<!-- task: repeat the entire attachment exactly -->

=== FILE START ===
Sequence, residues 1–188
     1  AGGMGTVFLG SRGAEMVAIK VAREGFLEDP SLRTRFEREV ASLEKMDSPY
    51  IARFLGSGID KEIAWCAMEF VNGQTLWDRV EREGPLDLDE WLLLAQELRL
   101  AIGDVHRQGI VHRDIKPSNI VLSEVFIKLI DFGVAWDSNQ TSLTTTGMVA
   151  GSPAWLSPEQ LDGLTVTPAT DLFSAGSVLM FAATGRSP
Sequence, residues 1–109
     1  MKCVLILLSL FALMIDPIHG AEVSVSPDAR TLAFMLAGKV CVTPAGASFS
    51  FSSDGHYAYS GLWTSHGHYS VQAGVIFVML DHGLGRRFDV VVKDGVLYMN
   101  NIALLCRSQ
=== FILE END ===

Sequence, residues 1–188
     1  AGGMGTVFLG SRGAEMVAIK VAREGFLEDP SLRTRFEREV ASLEKMDSPY
    51  IARFLGSGID KEIAWCAMEF VNGQTLWDRV EREGPLDLDE WLLLAQELRL
   101  AIGDVHRQGI VHRDIKPSNI VLSEVFIKLI DFGVAWDSNQ TSLTTTGMVA
   151  GSPAWLSPEQ LDGLTVTPAT DLFSAGSVLM FAATGRSP
Sequence, residues 1–109
     1  MKCVLILLSL FALMIDPIHG AEVSVSPDAR TLAFMLAGKV CVTPAGASFS
    51  FSSDGHYAYS GLWTSHGHYS VQAGVIFVML DHGLGRRFDV VVKDGVLYMN
   101  NIALLCRSQ